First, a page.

Yankees' midseason report card
Breaking down the good, the bad and the Cervelli at the All-Star break
With the All-Star Game just around the corner, ESPN New York's Wallace Matthews grades every New York Yankees player's first-half performance.
Curtis Granderson, center field
Where do you begin to describe the change in this player from last season to this one? Last year at this time, was hitting .240 with 10 HRs and 32 RBIs; now, the numbers are .278, 25 and 62. Has become an excellent, even feared hitter and, while once considered an automatic out against lefties, now pounds them nearly as hard as he does right-handers. In his second season as a Yankee, has worked hard to improve all aspects of his game. Also an excellent defender. Haven't heard the name Austin Jackson all season.
Robinson Cano, second base
Statistically having a good season but a disappointment compared with his bust-out 2010 year. The numbers are better than acceptable -- .295-14-55 -- but nowhere near what was expected of a player thought ready to take his game to the next level. Much less selective at the plate than he was last year and seems strangely distracted on defense at times. Has made some inexplicable errors that can only come from a lack of concentration or focus. Still an excellent player but was supposed to be on the cusp of greatness.
Brett Gardner, left field
Has rebounded from a terrible start to look like the kind of leadoff hitter the Yankees envisioned this spring. Very patient, sometimes too patient, at the plate, which leads to a lot of looking strikeouts. And for a guy this fast, gets thrown out stealing way too much. Must improve bunting, which could be a devastating weapon in his arsenal. Still, his OBP is creeping up to where it needs to be, and his superior range in left field and excellent arm make him one of the premier defenders in the league.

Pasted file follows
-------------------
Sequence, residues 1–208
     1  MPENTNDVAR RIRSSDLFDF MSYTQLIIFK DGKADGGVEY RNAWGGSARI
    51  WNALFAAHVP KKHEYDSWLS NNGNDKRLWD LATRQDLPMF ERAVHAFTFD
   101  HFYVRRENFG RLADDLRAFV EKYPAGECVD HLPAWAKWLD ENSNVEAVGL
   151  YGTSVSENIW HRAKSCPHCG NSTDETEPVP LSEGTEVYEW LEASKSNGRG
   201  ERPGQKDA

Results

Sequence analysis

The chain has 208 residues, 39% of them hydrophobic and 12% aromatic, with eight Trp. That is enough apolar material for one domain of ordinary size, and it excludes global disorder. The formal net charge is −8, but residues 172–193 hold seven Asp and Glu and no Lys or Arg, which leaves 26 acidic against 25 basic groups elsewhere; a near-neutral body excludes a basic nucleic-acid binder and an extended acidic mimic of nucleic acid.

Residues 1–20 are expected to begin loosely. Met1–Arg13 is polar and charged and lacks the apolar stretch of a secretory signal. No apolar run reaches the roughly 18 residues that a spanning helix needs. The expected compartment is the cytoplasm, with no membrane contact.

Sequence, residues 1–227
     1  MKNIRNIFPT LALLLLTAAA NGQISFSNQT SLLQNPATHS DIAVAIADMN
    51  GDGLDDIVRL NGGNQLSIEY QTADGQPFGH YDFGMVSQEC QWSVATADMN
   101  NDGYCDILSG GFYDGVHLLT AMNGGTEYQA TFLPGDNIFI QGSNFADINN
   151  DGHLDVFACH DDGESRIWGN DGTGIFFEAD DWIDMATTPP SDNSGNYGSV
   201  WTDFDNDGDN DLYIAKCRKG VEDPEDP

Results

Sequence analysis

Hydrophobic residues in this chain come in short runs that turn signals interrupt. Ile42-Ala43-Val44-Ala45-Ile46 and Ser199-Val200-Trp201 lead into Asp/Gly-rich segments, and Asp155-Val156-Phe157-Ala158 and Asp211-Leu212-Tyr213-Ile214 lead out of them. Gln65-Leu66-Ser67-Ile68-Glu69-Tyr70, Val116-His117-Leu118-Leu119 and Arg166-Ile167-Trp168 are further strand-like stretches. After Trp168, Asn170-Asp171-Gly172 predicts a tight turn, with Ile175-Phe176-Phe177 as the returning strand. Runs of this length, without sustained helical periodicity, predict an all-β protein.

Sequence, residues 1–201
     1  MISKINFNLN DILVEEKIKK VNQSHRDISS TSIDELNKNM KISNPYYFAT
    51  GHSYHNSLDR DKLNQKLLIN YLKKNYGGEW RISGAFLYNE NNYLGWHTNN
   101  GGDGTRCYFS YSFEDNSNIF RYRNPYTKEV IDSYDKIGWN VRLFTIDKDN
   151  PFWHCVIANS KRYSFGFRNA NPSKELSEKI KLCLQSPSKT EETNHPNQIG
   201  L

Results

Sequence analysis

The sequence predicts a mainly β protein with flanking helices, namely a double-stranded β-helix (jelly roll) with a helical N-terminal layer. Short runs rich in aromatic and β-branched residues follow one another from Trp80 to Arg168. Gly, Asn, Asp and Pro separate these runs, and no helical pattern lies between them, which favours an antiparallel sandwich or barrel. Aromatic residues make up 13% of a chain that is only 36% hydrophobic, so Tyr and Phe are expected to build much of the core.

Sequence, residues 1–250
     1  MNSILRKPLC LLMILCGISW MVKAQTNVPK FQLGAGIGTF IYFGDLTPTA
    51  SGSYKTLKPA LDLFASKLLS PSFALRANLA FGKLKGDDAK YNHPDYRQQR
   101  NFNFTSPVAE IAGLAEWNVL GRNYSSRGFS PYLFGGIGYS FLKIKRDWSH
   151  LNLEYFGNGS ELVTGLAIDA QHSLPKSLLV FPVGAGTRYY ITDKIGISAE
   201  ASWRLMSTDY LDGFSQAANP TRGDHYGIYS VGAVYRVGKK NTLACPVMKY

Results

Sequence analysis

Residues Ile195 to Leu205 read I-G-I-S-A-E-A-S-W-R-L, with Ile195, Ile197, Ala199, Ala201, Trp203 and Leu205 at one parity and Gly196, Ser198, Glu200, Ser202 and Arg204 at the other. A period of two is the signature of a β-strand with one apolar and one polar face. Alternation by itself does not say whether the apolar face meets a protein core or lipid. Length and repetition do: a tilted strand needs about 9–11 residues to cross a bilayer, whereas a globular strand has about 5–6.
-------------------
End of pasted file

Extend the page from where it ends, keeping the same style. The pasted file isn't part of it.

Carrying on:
Alex Rodriguez, third base
The MVP-type season he appeared to be headed for in spring training has not developed; A-Rod's numbers are about the same as they were last year at this time, although his average is up (.296 as opposed to .270) and his RBIs are down (52 this year, 70 last year). No one seems to have an explanation why the home run numbers are down again, except that at 35, and slowed by numerous injuries, this is now the player he is: 25-30 HRs, 100 RBIs. No longer a feared hitter but still a productive one, and a superior third baseman.
Russell Martin, catcher
Overall has been everything the Yankees could have asked for in a new catcher, although his batting average has taken a dip over the past month or so. Really, his value has been in his handling of a new pitching staff, a remarkable accomplishment considering he had spent his entire career in the NL and didn't do much catching in spring training while recovering from offseason knee surgery. Could do a better job throwing out baserunners, but no one is better at blocking pitches behind the plate. A.J. Burnett loves throwing to him. What better testimonial can there be than that?